Cashier’s Check: What Is It and How Can I Get One?

close up of a person receiving a check
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What Is a Cashier’s Check?

A cashier’s check is an official check written and guaranteed by a bank. The person purchasing the cashier’s check pays the bank for the check. The bank then writes the check out to the designated payee.

Cashier's Check

Benefits of Using a Cashier’s Check

  • Only the designated payee can cash the check, making them a very secure method of payment.
  • Typically provides a quicker payout.
  • Funds are backed by a bank, so the check won’t bounce.

When To Use a Cashier’s Check

Cashier’s checks are the preferred method of payment for many people when a large sum of money is involved. This is typically at least $1,000, but some organizations may require a cashier’s check for anything valued at more than a few hundred dollars.

Many organizations prefer a cashier’s check because it’s a safer payment method since the funds are guaranteed. That means that they don’t have to worry about counterfeit or bounced checks after they have released a purchase to the buyer.

More From Your Money

Some common situations that require a cashier’s check include:

  • Putting a down payment toward a new vehicle or boat
  • Providing a security deposit for an apartment rental
  • Making a real estate purchase

Other companies require a cashier’s check if they need funds to settle quickly. This is common when working with brokerage firms.

Good To Know

Even if a company doesn’t require a cashier’s check, there are times it can still benefit you to use one, like making a rent payment quickly to avoid eviction or late fees, for example. If you need to pay something quickly or just want a more secure method of payment, a cashier’s check is the way to go.

Cashier’s Check vs. Money Order

Money orders are another commonly accepted method of payment, and the term is often used interchangeably with cashier’s checks. However, they are different things.

With a money order, the buyer prepays the total amount in exchange for a small piece of paper. It can be given to the payee, who can then deposit it into their account. In this manner, a money order is similar to a cashier’s check.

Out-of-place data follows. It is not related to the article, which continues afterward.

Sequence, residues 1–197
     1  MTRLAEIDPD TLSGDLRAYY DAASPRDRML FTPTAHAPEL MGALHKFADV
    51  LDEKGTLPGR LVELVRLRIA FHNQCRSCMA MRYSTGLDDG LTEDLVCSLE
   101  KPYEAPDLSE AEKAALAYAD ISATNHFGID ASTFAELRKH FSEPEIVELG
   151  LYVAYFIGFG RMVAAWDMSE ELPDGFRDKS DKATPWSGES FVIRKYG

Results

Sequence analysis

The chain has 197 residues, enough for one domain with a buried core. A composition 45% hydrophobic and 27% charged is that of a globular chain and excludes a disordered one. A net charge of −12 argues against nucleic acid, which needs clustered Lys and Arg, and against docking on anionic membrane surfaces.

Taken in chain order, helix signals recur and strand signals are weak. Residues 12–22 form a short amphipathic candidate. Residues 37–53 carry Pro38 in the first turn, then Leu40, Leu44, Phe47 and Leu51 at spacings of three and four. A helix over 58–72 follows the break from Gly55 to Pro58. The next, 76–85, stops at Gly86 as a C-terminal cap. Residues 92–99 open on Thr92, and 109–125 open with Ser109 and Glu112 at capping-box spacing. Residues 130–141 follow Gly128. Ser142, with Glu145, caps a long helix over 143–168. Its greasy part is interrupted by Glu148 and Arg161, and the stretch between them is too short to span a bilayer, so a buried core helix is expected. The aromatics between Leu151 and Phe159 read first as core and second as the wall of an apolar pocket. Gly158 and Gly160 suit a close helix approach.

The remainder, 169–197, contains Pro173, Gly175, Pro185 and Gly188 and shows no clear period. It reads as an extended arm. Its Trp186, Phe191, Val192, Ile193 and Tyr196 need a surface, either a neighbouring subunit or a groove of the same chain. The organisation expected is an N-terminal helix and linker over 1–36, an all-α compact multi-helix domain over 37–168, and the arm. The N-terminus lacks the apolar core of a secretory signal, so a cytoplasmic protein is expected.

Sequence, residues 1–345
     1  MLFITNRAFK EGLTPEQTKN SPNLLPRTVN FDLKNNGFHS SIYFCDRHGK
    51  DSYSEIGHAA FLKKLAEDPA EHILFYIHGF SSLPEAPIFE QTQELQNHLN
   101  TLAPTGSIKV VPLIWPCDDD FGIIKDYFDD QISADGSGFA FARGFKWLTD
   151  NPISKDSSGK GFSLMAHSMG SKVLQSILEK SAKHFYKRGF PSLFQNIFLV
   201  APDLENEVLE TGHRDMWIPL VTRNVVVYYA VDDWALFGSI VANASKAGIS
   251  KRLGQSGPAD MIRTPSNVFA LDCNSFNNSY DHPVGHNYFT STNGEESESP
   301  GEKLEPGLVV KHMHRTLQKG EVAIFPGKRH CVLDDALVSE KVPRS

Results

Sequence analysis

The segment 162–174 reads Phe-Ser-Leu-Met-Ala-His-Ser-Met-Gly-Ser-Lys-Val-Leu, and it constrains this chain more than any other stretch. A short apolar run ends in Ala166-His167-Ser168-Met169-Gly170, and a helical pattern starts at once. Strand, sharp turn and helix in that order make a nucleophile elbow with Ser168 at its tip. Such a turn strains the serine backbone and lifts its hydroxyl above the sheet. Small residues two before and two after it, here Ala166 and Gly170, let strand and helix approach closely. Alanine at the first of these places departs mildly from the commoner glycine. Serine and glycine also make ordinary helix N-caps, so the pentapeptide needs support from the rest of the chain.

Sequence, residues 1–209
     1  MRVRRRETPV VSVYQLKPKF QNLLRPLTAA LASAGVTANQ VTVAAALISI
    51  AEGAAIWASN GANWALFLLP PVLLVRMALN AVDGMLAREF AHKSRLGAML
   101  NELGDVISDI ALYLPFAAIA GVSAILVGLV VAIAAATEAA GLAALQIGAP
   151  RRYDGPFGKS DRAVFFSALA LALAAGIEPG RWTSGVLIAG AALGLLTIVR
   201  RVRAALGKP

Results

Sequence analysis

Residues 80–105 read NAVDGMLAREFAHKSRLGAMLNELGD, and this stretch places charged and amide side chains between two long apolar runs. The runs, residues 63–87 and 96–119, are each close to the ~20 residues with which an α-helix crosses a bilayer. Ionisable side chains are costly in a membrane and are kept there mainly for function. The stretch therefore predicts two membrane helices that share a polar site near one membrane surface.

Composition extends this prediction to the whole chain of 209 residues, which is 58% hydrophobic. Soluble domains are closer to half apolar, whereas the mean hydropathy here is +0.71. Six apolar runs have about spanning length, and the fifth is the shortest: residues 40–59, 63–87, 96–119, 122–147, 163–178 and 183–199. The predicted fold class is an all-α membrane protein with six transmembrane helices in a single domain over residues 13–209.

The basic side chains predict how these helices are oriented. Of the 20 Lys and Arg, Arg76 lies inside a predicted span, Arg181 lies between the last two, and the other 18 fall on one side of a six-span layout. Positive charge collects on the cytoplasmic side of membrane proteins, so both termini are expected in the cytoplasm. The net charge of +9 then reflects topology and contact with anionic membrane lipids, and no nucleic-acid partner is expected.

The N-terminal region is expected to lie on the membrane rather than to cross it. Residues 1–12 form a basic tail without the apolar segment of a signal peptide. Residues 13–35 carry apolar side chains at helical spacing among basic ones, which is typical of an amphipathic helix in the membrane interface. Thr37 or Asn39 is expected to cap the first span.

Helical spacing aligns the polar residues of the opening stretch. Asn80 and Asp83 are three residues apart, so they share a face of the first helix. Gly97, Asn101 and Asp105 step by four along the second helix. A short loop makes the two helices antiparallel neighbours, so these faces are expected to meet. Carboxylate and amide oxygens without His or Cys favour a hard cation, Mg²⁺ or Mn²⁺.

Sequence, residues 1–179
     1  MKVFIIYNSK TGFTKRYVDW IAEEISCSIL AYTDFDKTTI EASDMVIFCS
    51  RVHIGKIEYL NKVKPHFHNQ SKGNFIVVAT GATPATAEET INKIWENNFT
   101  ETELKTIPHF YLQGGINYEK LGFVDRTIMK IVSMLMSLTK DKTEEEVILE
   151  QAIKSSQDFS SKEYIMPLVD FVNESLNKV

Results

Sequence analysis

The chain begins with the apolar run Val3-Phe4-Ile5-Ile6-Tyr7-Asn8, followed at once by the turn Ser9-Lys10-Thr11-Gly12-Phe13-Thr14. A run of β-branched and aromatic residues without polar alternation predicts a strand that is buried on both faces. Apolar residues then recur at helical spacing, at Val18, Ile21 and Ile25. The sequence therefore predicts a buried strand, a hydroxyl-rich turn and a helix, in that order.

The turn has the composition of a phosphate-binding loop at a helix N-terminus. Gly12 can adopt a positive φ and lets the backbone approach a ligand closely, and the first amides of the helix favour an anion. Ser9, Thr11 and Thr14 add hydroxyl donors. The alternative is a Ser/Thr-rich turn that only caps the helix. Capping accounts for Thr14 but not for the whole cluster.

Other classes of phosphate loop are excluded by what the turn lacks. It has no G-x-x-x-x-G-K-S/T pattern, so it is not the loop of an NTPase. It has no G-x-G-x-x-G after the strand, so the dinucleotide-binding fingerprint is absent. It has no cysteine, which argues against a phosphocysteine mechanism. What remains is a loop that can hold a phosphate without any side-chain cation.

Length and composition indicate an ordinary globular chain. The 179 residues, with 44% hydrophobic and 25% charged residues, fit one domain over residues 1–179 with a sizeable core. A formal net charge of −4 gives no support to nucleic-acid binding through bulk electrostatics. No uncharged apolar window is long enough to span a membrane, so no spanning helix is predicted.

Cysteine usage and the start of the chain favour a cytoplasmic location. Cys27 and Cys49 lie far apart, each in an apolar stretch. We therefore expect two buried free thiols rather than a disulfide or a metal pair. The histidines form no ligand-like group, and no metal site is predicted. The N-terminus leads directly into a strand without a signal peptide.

A money order differs from a cashier’s check in that:

  • There’s a limit to the amount of each money order. Western Union is typically limited to $500 a money order while the United States Postal Service is usually $1,000. If you need $2,000 in money orders, you have to purchase several and pay a separate fee for each one.
  • The buyer fills out the money order instead of the bank.
  • Money orders are not backed by a bank, and they can take longer to settle.

Money Order Benefits vs. Cashier’s Check Benefits

More From Your Money

Money orders can be useful in some cases, especially if you are sending a small amount of cash. The fees are often lower than some cashier’s checks, so as long as you are not buying multiple, you can save a little money.

Additionally, you don’t need to have a checking account to purchase a money order. You only need cash or a prepaid card.

While some banks allow you to get a cashier’s check without an account, most don’t. Therefore, if you don’t have a checking account, a money order may be an easier option.

Both money orders and cashier’s checks provide advantages and disadvantages. Choosing between the two will come down to any requirements you must meet and your fees.